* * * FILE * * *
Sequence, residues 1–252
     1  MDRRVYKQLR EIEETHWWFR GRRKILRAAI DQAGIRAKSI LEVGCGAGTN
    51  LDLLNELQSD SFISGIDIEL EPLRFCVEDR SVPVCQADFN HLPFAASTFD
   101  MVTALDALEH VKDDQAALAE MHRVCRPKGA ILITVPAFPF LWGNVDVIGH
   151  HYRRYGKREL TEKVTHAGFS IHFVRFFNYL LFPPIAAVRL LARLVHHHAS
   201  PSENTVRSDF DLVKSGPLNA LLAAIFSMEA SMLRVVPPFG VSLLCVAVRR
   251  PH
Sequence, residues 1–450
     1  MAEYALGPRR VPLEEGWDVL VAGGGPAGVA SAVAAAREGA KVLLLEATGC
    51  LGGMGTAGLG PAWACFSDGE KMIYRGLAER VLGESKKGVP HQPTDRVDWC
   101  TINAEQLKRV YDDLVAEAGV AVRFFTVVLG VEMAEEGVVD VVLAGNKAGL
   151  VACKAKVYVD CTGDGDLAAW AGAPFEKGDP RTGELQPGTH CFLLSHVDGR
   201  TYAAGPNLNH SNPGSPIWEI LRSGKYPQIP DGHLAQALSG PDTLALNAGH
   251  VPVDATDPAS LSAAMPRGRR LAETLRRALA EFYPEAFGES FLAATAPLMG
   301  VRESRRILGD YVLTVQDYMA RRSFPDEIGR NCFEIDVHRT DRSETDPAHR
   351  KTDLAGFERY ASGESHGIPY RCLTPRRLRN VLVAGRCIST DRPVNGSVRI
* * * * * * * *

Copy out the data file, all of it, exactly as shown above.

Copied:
Sequence, residues 1–252
     1  MDRRVYKQLR EIEETHWWFR GRRKILRAAI DQAGIRAKSI LEVGCGAGTN
    51  LDLLNELQSD SFISGIDIEL EPLRFCVEDR SVPVCQADFN HLPFAASTFD
   101  MVTALDALEH VKDDQAALAE MHRVCRPKGA ILITVPAFPF LWGNVDVIGH
   151  HYRRYGKREL TEKVTHAGFS IHFVRFFNYL LFPPIAAVRL LARLVHHHAS
   201  PSENTVRSDF DLVKSGPLNA LLAAIFSMEA SMLRVVPPFG VSLLCVAVRR
   251  PH
Sequence, residues 1–450
     1  MAEYALGPRR VPLEEGWDVL VAGGGPAGVA SAVAAAREGA KVLLLEATGC
    51  LGGMGTAGLG PAWACFSDGE KMIYRGLAER VLGESKKGVP HQPTDRVDWC
   101  TINAEQLKRV YDDLVAEAGV AVRFFTVVLG VEMAEEGVVD VVLAGNKAGL
   151  VACKAKVYVD CTGDGDLAAW AGAPFEKGDP RTGELQPGTH CFLLSHVDGR
   201  TYAAGPNLNH SNPGSPIWEI LRSGKYPQIP DGHLAQALSG PDTLALNAGH
   251  VPVDATDPAS LSAAMPRGRR LAETLRRALA EFYPEAFGES FLAATAPLMG
   301  VRESRRILGD YVLTVQDYMA RRSFPDEIGR NCFEIDVHRT DRSETDPAHR
   351  KTDLAGFERY ASGESHGIPY RCLTPRRLRN VLVAGRCIST DRPVNGSVRI